One of the first cycles you learned about when you were a kid was probably the life cycle of a butterfly.
You found an egg on a leaf, took it home with you, and put it in a jar. After a while, a caterpillar hatched out of the egg. It crawled around the leaf, nibbling on it, so you gave it more leaves to eat. Eventually, the caterpillar made a chrysalis. The chrysalis didn’t look like it did much—it wasn’t nearly as interesting to watch as the caterpillar had been—but then, finally, a butterfly emerged from it. The butterfly unfurled its wings, and you let it fly away outside. It went about its business, and then one day you found another egg on a leaf. The butterfly had completed its life cycle, and now a new cycle was about to begin.
The life cycle of a butterfly is a good example of the way new growth and development comes in cycles – and it’s as true of your business as it is of butterflies. Every business goes through a recurring series of phases in what I call the Business Storm Cycle; it begins in the start-up phase in which you’re busy trying to get your enterprise off the ground and making money. Then, your product or service suddenly takes off—and you’re sucked up into the Tornado. It’s everything you hoped for! Plus, some things you didn’t anticipate, like your sales outstripping your ability to produce the product you’re selling. Or your back office staff, saddled with processes that weren’t designed to support this kind of exponential growth, unable to keep up with orders. You throw everything you’ve got at the problems—more money, more staff, patches to your IT system—but you just can’t keep up the pace.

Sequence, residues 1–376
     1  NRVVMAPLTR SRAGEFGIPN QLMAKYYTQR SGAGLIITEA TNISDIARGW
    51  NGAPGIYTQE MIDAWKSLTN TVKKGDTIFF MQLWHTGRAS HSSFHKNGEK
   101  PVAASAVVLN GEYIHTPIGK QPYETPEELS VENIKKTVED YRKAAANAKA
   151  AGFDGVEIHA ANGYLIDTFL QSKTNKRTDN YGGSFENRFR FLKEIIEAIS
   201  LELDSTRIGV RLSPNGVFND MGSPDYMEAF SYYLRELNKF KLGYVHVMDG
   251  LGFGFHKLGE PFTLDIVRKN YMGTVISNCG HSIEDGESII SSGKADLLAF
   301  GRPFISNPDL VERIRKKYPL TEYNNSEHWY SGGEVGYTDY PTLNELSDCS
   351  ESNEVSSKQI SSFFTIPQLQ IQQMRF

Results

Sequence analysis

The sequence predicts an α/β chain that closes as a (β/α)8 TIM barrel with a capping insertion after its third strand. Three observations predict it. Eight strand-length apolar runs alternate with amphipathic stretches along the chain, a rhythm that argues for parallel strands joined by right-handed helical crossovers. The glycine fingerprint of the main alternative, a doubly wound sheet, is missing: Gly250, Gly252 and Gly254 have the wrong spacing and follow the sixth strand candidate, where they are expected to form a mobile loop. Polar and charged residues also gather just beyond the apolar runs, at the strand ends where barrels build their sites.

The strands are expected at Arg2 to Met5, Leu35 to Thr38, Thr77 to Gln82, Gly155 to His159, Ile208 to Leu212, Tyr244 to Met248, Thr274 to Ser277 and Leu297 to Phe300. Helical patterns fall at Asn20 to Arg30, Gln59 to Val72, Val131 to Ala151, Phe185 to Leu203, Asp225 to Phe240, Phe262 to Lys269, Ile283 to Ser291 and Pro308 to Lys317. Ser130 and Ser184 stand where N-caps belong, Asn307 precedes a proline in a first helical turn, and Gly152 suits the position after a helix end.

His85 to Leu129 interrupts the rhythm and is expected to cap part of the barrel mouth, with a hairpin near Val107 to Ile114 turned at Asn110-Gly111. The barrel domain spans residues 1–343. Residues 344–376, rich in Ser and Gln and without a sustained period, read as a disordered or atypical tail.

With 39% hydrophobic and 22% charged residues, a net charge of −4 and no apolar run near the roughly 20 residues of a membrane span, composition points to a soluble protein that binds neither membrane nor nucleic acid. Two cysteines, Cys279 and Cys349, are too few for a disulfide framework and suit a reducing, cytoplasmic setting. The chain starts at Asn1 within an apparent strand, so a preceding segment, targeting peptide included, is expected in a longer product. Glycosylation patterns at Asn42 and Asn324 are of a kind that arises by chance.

You can’t avoid the Tornado, any more than that caterpillar can avoid becoming a butterfly – but you can learn from it and update your processes to be more nimble and scalable, so that when the next Tornado hits your business, you’re set to garner the most profits possible before the “season” changes again. Accurately predict and prepare your enterprise to withstand the most destructive effects of the phases it must repeatedly pass through with the help of my latest White Paper “Will Your Business Survive: Cycle Theory Explained.”